The Crater Lake Monster directed by William R. Stromberg
My bad, and all that, but for some reason, I had long assumed The Crater Lake Monster was a product of the late 1950s – a black-and-white cousin of such other films dealing with thawed-out critters returning to harass modern man as The Monster That Challenged the World (1957) and The Monster of Piedras Blancas (1959). Of course, I was incorrect in that surmise, and the picture in question turns out to be from the year 1977, and filmed in beautiful supersaturated color, to boot. Still, this film’s heart seems to be very much with the great sci-fi pictures that had been produced two decades earlier. A minor and modest entertainment at best, it yet succeeds as a pastiche of its ’50s antecedents, and indeed, had it been filmed in B&W and featured some vintage automobiles, might have been able to fool many other folks as to its year of birth.
In the film, coscreenwriter Richard Cardella plays Sheriff Steve Hanson, who is in charge of the peaceful, picturesque little town of Crater Lake, somewhere between L.A. and Las Vegas. The plummeting of a sparkling meteorite into the local lake spells big trouble for Hanson, the townsfolk and some visiting tourists, however, as the superhot chunk of space junk soon warms up the lake’s waters and acts as an incubator of sorts for a plesiosaur egg that had long lain dormant in its icy depths. And before long, a fully grown plesiosaur – think of the head and body of a brontosaurus, but substitute seallike flippers for the legs – with a decidedly nasty disposition and a hunger for meat is seen waddling and chomping its way through the area! It would seem as if Hanson, along with the town’s doc, a visiting archaeologist and his girlfriend, and the area’s two doofus boat renters, Arnie and Mitch, will have their hands very full, eliminating – and perhaps even capturing – the prehistoric menace…
“A beast more terrifying than your most frightening nightmare,” the original trailer for The Crater Lake Monster proclaimed, and while this amusing bit of hyperbole is of course patent nonsense, the film’s creature nonetheless is a most pleasing creation. Brought to life via Harryhausen-like stop-motion animation courtesy of David W. Allen, the plesiosaur is fairly awesome to behold, and to the film’s credit, we do not have to wait more than 15 minutes before getting our initial glimpse. (I always got impatient, when I was a kid, if a film withheld that first look for too long, and I suppose I haven’t changed much!) The creature looks most impressive every time we see it, even when director/coscreenwriter William R. Stromberg gives us a long shot of the lake, with only the monster’s head and neck briefly emerging from it. Indeed, the entire film LOOKS just fine, with rich colors and lovely scenery (the picture makes nice use of its Huntington Lake and Palomar Mountain, California, locales), shown to good advantage on its current Rhino DVD incarnation. As for the film’s acting … well, I’m not saying that the Academy egregiously overlooked anybody here, but the thesping is nonetheless better than you might expect. Cardella, in the lead role, is especially good as the befuddled, tough, scared but dependably capable sheriff; indeed, an unexpectedly charismatic portrayal from this relatively unknown actor. Anyway, those are the film’s not inconsiderable virtues, which are, unfortunately, counterbalanced by a goodly share of drawbacks.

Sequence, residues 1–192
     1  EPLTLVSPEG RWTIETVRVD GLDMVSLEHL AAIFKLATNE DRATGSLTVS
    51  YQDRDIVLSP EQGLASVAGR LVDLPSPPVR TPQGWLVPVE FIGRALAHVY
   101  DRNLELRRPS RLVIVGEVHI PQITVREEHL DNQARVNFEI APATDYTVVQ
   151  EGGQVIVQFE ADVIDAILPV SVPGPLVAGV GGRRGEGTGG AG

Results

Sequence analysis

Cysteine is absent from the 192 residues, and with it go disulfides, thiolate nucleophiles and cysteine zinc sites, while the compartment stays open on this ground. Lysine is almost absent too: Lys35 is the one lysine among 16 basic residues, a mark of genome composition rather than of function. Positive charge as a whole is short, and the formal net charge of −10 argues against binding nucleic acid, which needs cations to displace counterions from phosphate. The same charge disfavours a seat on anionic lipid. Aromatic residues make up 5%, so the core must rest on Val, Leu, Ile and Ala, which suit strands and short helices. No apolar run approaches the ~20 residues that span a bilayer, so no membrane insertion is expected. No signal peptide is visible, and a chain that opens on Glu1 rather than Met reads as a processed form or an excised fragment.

It’s hard to put a finger on any one reason, but Crater Lake Monster exudes that indefinable sense of an amateur effort, albeit a very skilled one, and featuring those excellent FX. As detailed on a certain Wiki site, the film had a troubled production vis-a-vis financing, and I suppose that all involved did the best they could under the circumstances. The picture features some blatantly goofy humor, thanks to those cracker-barrel numskulls Mitch and Arnie (we get to see the two argue constantly, fight, toss each other in the lake, get drunk, stumble around in the woods, etc.), but these scenes also allow us to get to know the characters better, and thus to actually worry about them when they are in peril. What is worse than the inane humor is the ease with which the plesiosaur is ultimately dispatched; a horribly rushed, unbelievable and anticlimactic denouement that should leave very few viewers satisfied. And then there is the matter of time elapsed in the film. We are told at one point that it had been six months since the meteorite plunged into Crater Lake, although there is absolutely no way for the viewer to have realized this; indeed, all the occurrences in the film seem to transpire over the duration of around 72 hours. So yes, the film most certainly is a minor effort, and a mixed bag at best, but still most undeserving of the lowest “BOMB” rating that the wet blankets at Maltin’s Movie Guide have chosen to bestow on it. The film is especially perfect for the kiddies and those with an abiding love for 1950s monster fare, not to mention those who are suckers for stop-motion FX. In all, a nice try, from a group of filmmakers whose heart was certainly in the right place…
Crater Lake, somewhere in the dense forest between LA and Las Vegas, and not to be confused with the *actual* Crater Lake in Oregon.
I laughed out loud about six times reading this review, Sandy! I especially enjoyed the comment about the Academy not egregiously overlooking anyone!
Glad you enjoyed it, Marion. I’m partial to that phrase “superhot hunk of space junk” myself….